Staff Publications

Staff Publications

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    'Staff publications' is the digital repository of Wageningen University & Research

    'Staff publications' contains references to publications authored by Wageningen University staff from 1976 onward.

    Publications authored by the staff of the Research Institutes are available from 1995 onwards.

    Full text documents are added when available. The database is updated daily and currently holds about 240,000 items, of which 72,000 in open access.

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Record number 410489
Title Abrupt regime shifts in space and time along rivers and connected lake systems
Author(s) Hilt, S.; Köhler, J.; Kozerski, H.P.; Nes, E.H. van; Scheffer, M.
Source Oikos 120 (2011)5. - ISSN 0030-1299 - p. 766 - 775.
DOI https://doi.org/10.1111/j.1600-0706.2010.18553.x
Department(s) Aquatic Ecology and Water Quality Management
WIMEK
Publication type Refereed Article in a scientific journal
Publication year 2011
Keyword(s) advection-dominated systems - alternative stable state - shallow lakes - submerged macrophytes - chlorophyll-a - water-quality - flow - ecosystems - streams - phytoplankton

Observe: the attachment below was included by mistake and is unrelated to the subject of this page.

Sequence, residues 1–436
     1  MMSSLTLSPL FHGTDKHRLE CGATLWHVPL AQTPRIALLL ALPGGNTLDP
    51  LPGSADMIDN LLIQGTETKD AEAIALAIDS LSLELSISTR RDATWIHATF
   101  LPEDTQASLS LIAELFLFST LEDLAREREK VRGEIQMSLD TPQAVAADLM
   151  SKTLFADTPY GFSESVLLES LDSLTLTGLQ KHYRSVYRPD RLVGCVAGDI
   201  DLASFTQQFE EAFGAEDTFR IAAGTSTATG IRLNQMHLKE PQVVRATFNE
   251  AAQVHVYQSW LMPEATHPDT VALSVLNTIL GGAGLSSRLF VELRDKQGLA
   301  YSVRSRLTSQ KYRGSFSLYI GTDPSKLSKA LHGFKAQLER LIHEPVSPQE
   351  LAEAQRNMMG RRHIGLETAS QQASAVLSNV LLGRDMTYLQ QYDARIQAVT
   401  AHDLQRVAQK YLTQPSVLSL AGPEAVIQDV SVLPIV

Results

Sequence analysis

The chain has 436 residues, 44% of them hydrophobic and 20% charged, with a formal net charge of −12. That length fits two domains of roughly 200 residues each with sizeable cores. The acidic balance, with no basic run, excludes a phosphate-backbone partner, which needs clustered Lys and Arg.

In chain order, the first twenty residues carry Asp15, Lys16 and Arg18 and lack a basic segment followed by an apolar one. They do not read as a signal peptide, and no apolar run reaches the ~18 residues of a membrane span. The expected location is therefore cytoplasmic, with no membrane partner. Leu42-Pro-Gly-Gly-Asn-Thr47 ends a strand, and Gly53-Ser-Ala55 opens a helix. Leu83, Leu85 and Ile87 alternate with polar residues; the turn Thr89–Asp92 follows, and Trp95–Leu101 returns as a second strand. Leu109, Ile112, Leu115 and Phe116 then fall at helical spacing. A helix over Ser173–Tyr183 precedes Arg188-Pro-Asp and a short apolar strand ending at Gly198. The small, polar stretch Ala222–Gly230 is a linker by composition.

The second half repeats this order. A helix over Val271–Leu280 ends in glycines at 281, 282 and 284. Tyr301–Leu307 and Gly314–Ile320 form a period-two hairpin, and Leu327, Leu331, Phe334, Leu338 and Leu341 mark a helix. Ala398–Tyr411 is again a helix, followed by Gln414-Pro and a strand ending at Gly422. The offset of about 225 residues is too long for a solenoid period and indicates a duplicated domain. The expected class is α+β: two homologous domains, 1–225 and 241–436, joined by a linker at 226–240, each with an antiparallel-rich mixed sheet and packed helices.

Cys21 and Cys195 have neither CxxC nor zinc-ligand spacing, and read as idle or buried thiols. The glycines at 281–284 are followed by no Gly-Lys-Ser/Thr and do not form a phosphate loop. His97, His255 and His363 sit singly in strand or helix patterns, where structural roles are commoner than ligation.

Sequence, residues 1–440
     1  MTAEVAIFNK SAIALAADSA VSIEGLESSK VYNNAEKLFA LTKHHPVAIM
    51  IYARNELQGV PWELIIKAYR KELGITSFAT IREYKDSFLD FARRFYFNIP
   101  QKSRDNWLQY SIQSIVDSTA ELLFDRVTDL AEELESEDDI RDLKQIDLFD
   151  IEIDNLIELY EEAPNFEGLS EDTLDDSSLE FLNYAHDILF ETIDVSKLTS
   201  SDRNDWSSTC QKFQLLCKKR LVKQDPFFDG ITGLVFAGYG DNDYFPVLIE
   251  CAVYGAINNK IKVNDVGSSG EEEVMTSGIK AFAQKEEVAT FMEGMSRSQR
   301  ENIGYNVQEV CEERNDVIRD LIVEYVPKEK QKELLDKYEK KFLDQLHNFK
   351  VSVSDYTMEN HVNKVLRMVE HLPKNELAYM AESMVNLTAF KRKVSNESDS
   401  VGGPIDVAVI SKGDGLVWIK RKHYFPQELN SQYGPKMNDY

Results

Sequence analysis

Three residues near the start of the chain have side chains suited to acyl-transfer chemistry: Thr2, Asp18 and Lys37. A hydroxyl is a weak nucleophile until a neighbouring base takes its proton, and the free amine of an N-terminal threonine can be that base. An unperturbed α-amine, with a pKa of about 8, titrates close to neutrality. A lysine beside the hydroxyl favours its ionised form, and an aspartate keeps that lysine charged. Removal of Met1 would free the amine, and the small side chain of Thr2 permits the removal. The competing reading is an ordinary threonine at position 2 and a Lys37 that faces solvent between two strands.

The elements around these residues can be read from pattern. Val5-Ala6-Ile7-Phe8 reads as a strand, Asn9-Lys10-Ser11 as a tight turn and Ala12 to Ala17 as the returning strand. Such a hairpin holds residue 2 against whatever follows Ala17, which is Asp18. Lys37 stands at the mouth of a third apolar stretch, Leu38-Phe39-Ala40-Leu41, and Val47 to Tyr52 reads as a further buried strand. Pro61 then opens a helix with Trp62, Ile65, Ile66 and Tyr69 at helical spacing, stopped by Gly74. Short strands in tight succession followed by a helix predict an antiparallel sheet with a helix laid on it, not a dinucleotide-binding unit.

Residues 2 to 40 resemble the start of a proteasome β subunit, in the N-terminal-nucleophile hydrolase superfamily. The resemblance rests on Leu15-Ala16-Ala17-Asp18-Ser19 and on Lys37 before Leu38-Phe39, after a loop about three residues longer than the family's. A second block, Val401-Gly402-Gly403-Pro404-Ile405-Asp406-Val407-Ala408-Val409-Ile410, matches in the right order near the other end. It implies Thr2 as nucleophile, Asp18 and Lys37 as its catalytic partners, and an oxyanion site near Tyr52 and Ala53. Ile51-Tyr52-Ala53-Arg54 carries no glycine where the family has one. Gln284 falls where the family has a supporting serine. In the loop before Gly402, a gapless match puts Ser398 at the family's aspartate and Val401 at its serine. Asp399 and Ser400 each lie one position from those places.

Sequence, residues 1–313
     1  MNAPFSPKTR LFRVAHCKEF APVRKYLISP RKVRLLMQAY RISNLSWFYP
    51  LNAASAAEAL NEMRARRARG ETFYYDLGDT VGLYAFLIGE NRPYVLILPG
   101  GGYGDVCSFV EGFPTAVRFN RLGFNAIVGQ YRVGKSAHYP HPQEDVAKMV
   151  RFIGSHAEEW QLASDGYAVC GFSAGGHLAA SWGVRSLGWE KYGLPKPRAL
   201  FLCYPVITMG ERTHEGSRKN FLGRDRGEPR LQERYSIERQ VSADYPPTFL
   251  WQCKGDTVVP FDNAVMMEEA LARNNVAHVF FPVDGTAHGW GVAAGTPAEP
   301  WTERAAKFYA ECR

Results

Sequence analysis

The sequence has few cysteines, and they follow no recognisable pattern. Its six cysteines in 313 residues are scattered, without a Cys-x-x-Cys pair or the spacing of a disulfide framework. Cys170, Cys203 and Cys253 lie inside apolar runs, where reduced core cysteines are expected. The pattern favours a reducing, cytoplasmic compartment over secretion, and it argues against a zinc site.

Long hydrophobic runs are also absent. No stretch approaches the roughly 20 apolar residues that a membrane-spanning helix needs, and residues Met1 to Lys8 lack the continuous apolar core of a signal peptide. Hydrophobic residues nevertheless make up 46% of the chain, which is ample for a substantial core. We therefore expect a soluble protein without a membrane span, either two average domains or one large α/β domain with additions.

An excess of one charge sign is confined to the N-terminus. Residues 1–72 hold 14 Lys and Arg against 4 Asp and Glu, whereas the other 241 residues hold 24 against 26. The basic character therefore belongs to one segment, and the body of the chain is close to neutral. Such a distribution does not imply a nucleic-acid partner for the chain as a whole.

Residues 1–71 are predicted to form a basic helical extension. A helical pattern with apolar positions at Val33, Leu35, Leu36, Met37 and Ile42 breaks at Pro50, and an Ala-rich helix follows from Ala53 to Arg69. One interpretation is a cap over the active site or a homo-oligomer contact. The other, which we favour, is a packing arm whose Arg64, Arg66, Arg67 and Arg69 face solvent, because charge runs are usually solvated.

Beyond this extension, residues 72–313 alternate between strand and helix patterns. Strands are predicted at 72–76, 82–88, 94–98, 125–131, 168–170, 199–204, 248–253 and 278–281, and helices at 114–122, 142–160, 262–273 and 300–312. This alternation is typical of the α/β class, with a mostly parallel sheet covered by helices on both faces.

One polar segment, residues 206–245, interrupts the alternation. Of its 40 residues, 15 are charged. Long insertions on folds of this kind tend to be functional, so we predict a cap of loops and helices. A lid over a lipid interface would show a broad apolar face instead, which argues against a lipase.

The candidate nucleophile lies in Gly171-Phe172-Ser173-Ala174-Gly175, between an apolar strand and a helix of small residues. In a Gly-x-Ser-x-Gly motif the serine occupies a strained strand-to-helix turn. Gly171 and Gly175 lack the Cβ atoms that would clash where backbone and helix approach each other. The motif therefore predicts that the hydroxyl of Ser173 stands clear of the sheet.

Abstract Regime shifts between clear and turbid water states are commonly found in shallow lakes. These shifts are attributed to a positive feedback between water clarity and submerged macrophytes (underwater plants). Altering the retention time of the water may influence these interactions and thus potentially reduce the probability of alternative stable states. Here we assessed the effect of water retention time on the occurrence of alternative states in water quality of flushed lakes, chains of lakes and rivers using a spatially explicit simple model. Our results indicate that increased flushing of lakes rapidly decreases the range of parameters with alternative stable states up to their total disappearance at a flushing rate of about 50% the algal growth rate. Similarly, in a chain of lakes or in rivers with low flowing velocity, our model predicts that alternative stable states can only occur for systems with a high retention time. Despite the lack of hysteresis at lower water retention times, we predict that abrupt changes between clear and turbid states are still possible both in time and in space. Over a wide range of parameters, the equilibrium state of the chain of lakes shows a steep gradient of vegetation cover. Further, the transient dynamics of the model often include rapid shifts in time. For example, a local regime shift that occurs upstream may propagate through the whole lake chain or river due to a domino effect. All results of the simple model could qualitatively be reproduced with a more mechanistic model. The abrupt rather than gradual response of submerged macrophytes to reduced turbidity levels still makes river systems rather resilient to management measure. The importance of the initial turbidity and the observed domino effect suggest that restoration measures should start upstream and that these measures should eventually trigger regime shifts downstream
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